As temperatures rise in the Southwest, so do crop insurance costs
A new analysis published by the Environmental Working Group (EWG) said that rising temperatures in Arizona, California, Colorado, Nevada, New Mexico and Utah are causing heat-related crop insurance costs to go up. But there is no data on the specific amount that insurance costs have increased in the Southwest.
The analysis said that in all six states, heat generated the fourth highest total amount of indemnity payments out of all causes of loss within the time of the EWG study.
“This new analysis really is further evidence to us that the crop insurance program really needs to be reformed to incentivize farmers to adapt to climate change," said Anne Schechinger, EWG’s Midwest director, "because the climate crisis is already making the crop insurance program more expensive. And as the program stands now, it really discourages farmers from adapting to extreme weather.”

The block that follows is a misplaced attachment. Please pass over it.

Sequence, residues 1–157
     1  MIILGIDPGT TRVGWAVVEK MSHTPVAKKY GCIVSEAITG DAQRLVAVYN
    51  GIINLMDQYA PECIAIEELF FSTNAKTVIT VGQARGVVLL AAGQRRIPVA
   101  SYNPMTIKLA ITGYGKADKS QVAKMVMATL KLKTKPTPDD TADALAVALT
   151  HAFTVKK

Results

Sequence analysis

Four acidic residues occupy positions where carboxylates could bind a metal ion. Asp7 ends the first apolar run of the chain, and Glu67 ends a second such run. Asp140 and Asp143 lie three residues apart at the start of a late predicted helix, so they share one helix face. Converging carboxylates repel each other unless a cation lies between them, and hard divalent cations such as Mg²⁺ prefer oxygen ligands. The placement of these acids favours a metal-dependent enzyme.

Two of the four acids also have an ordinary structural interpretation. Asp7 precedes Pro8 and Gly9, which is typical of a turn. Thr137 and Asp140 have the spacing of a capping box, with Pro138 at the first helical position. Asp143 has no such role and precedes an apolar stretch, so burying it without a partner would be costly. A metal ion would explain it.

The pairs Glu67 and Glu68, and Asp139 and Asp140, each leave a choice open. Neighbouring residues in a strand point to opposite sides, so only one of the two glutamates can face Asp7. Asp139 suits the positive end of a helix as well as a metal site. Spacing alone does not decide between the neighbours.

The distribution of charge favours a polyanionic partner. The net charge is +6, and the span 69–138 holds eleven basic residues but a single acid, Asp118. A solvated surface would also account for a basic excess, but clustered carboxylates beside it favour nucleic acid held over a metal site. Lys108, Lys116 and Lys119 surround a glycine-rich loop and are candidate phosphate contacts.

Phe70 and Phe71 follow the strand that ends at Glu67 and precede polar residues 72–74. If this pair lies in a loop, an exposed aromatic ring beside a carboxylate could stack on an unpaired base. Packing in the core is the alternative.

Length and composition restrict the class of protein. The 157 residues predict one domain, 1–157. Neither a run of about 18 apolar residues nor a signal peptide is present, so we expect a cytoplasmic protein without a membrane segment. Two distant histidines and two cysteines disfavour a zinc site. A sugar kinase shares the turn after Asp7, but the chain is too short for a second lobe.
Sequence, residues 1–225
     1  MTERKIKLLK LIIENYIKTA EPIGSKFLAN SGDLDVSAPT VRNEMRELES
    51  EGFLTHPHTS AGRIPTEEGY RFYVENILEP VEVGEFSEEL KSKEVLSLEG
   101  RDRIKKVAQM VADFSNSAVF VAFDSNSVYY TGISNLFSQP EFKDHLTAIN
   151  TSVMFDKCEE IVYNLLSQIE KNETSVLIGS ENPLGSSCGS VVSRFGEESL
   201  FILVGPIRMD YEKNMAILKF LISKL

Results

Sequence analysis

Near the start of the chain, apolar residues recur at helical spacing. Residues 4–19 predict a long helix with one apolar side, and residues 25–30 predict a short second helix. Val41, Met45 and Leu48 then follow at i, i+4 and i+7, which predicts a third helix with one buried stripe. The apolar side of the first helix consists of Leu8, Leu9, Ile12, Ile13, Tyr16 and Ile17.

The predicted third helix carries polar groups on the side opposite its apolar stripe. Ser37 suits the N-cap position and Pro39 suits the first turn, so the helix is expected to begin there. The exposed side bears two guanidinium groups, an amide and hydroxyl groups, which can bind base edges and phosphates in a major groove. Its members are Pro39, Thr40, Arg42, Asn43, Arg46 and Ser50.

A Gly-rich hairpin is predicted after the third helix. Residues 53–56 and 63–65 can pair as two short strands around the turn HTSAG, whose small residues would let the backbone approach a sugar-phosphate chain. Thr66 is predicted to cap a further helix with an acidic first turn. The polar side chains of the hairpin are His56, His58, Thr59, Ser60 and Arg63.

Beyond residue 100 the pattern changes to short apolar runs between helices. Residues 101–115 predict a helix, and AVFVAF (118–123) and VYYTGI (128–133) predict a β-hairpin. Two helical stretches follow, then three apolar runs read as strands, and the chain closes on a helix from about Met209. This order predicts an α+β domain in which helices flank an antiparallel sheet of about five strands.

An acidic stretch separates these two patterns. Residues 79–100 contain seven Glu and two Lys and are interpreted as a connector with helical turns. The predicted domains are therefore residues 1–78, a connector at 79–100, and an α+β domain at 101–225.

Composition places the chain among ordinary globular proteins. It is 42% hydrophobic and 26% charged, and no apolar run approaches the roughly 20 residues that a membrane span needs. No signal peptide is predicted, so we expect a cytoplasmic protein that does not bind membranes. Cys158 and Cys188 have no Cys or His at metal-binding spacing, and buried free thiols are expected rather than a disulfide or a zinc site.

What she means by that is that the premium paid by farmers, on average, is 38%. The other 62% is covered by taxpayers. So, farmers are less likely to pay out of their own pockets to adapt to climate change because they don’t see the whole dollar amount that is required to insure their farm.
But there are things they can do to adapt. There’s a whole list of conservation practices that a farmer can choose from to participate in, but a common one is cover crops.
“So, cover crops is where you plant a crop at the end of the season, like you know, in the fall after you harvest your main crop, and then the cover crop grows over the winter. So then there's something holding soil in place. And cover crops can really hold in soil moisture," Schechinger said.
Data is showing that temperatures are going to keep rising, and in a field of work where money is tight already, Schechinger said that participating in conservation practices can only help.